Home equity lines of credit (HELOCs) is a kind of second mortgage that offers homeowners the ability to borrow money against the collateral of their home.
If you've lived in your home more than a couple of years, you likely have enough equity to apply for a HELOC. A HELOC works similar to a credit card because it gives you a credit limit and you can take out money in increments rather than a home equity loan, which gives you all the money at once.
HELOCs can be a great option when you need to pay for college, medical expenses and home improvement projects. But this form of borrowing doesn't suit everyone, and you should consider the pros and cons before you sign up for one.
If you have an ordinary home equity loan, you get a lump sum, and then make the same payments each month, much as you do for your mortgage. But, as its name implies, a HELOC gives you a line of credit: you can borrow as much (up to your limit) or as little as you wish, as your circumstances change, and your payments should vary each month depending on the amount you then owe. It's a bit like a credit card in that respect.
It may work a bit like a credit card, but, depending how you use it, it's unlikely to cost as much as one. Because you're using your home as security for the loan, your lender has a much lower risk of making a loss if you get into financial trouble. So it can generally charge much less in interest than current credit card rates. To make HELOCs even more affordable, many lenders offer introductory teaser rates, often for the first six months you have your line of credit.
Pro and con: Debt consolidation
If you're paying high rates on a number of large credit card balances or other loans, you can significantly reduce your monthly outgoings by zeroing them with a HELOC. That can be a good idea if you're financially strong again after some problems, but it also has drawbacks. Most importantly, you'd be turning unsecured debt (which you could discharge in bankruptcy) into secured debt, which would see you lose your home if you fall far behind with payments. That's why many counselors caution those whose financial circumstances remain perilous against using secured debt to pay down unsecured obligations.
Pro and con: Rates risk
Many consumers choose adjustable-rate HELOCs because they're almost always initially cheaper than fixed-rate ones. But we're in a period when interest rates are still very low and generally trending upward, and some economists think they could rise quite steeply in coming years. In its downloadable PDF, "What You Should Know about Home Equity Lines of Credit," federal regulator the Consumer Financial Protection Bureau notes that lenders have a statutory obligation to cap the maximum possible rate rise for each HELOC. However, before you sign it, you should check your loan agreement to see how high your rate could go, and then work out whether you'd struggle to make payments if the worst happens. That initially more expensive fixed-rate option may look more attractive.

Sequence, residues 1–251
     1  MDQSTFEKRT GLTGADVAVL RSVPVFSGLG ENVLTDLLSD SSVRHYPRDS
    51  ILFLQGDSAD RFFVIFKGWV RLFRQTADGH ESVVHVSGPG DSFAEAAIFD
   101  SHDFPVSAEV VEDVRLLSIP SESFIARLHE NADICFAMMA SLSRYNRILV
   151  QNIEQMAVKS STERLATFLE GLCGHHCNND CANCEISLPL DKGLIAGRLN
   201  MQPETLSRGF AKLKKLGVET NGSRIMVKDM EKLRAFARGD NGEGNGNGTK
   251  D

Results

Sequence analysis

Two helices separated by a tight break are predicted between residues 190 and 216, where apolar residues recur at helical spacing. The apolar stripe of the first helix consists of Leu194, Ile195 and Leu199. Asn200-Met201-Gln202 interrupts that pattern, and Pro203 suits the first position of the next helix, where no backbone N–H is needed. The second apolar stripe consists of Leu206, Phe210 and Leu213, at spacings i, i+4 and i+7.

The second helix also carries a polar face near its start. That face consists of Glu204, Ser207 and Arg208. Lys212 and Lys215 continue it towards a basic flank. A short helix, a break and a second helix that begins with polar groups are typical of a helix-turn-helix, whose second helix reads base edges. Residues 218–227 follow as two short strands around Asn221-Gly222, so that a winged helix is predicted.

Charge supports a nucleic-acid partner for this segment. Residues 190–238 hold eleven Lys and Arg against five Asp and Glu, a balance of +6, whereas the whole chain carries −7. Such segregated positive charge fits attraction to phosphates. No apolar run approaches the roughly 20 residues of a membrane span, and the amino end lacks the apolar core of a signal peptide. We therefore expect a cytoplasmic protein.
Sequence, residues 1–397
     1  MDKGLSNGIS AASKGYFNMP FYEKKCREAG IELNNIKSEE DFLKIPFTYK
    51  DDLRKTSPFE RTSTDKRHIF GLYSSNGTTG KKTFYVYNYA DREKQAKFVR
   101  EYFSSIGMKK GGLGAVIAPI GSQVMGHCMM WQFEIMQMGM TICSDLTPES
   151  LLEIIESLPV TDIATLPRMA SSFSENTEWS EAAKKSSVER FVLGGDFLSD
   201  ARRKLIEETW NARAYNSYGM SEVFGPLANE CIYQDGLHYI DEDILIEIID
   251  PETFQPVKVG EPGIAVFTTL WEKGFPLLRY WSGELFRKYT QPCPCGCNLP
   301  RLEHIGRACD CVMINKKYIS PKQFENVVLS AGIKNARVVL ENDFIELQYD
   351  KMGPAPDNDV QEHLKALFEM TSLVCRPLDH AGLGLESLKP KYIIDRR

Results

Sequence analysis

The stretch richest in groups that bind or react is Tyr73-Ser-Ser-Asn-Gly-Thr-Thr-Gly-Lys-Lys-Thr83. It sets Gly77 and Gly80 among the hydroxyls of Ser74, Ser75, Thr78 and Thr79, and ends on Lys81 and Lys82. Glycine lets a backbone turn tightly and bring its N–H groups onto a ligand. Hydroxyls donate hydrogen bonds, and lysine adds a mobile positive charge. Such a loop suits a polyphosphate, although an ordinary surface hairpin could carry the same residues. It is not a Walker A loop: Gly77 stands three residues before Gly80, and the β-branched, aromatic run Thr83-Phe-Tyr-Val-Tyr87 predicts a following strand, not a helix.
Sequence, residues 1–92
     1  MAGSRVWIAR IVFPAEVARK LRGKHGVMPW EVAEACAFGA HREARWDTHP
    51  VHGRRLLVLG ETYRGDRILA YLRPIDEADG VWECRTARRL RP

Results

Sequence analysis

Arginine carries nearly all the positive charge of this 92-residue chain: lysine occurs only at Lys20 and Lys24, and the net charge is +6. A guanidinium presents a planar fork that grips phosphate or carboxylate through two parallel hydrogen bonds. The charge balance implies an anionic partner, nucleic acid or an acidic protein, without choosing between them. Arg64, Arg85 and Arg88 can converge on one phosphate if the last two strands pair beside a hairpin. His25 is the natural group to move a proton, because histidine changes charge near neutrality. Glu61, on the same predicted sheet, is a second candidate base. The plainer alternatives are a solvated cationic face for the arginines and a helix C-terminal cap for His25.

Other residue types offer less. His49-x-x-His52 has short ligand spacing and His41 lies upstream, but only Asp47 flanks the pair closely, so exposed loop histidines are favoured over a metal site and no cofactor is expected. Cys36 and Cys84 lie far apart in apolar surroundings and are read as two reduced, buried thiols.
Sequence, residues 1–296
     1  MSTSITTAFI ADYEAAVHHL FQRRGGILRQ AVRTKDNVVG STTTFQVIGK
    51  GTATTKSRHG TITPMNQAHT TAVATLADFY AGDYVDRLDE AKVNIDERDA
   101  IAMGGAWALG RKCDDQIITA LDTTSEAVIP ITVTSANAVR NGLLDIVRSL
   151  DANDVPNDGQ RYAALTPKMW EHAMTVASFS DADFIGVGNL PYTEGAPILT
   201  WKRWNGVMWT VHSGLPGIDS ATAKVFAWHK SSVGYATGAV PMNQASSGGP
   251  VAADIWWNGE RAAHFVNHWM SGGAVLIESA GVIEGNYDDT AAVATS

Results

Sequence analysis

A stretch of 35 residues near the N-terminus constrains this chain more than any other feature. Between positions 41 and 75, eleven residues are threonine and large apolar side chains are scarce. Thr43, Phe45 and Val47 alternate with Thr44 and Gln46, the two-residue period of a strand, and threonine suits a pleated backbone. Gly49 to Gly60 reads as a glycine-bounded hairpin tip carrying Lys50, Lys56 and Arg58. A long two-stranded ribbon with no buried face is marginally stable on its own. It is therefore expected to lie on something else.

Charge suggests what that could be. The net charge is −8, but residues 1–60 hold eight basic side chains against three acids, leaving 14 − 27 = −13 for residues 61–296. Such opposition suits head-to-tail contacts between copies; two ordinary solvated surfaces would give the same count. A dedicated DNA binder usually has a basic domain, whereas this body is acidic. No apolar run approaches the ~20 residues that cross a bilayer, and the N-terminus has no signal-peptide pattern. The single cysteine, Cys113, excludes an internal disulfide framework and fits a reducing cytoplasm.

Con: Closing costs
One way in which HELOCs are more like mortgages than credit cards is that you have to pay closing costs. These are, according to the Federal Trade Commission, likely at the very least to include application, attorneys' and appraisers' fees, a title search charge, and "points." You'll remember points from your mortgage: they're a percentage of the amount you borrow, and your lender should tell you what that percentage is right at the get-go. One important consideration for those tossing up between a HELOC and a home equity loan: All those closing costs are rolled up into the annual percentage rate (APR) you're quoted for the straight loan, while you have to pay the closing costs AND the APR on a HELOC. So you can't directly compare the two APRs.
Hang on, you're thinking: In point 2 (above), he was saying how cheap HELOCs are. Now he's warning about their costliness. The thing is, they can be either, depending on how you use them. It's those closing costs that make the difference. If you use your line of credit a lot, then it is usually a cheap form of borrowing, especially compared with credit cards and unsecured personal loans. However, if you hardly ever use it, and then for only small sums, all those fees, charges and points could make the total cost of borrowing such small amounts very expensive indeed, and you might be better off with low-interest credit cards.
Pros, cons and you
As long as you fully understand the pros and cons of HELOCs, and recognize how they apply to your personal circumstances, this form of borrowing can be very attractive. However, it isn't risk free. The collapse in house prices that followed the credit crunch illustrates that this -- like all borrowing -- requires you to make cool calculations about benefits and risks.
One last thing: You must make sure that the deal you sign up for is one that best suits your needs. Lenders' offers on HELCOs vary enormously, and it really is important that you shop around to find the one that's ideal for you.